top of page
  • Writer's pictureTheFormidableGenealogist

Around the world

I can't pass up a stroll through a cemetery. Even if the cemetery is about 32 centuries old.


A recent trip to Athens, Greece, allowed me to visit the Kerameikos Cemetery. It was the area of the ancient city that was home to the pottery-makers, and its name was the source for the English word 'ceramic'. Much of what was once there is long gone; however, several wonderful funerary sculptures have survived.


Below is the grave monument of Dionysios, son of Alphinos. Dionysos died around 345 to 340 B.C. (or BCE, which means "before the common era") and was unmarried. That point in history is way, way beyond the genealogical timeframe. But I still find it interesting, especially since the deceased's parent is named. That's more genealogical information than most modern-day grave markers include.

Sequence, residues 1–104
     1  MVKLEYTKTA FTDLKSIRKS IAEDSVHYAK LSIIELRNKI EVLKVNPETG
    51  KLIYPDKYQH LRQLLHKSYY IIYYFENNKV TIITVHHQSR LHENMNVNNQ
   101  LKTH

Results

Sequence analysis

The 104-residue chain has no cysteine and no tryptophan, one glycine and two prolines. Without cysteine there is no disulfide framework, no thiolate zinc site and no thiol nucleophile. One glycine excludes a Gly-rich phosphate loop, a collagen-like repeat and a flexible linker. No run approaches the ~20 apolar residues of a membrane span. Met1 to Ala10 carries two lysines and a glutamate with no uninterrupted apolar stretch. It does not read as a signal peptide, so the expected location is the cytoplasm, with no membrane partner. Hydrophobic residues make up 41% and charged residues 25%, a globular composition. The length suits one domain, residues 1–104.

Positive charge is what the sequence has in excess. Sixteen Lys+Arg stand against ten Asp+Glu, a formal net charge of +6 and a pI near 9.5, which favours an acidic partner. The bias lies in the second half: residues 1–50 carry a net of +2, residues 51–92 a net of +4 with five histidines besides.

I also wonder if a monumental bull-topped grave enclosure might be an option for my final resting place.


grave markers from ancient Greece
Other interesting markers in the cemetery

Comments


bottom of page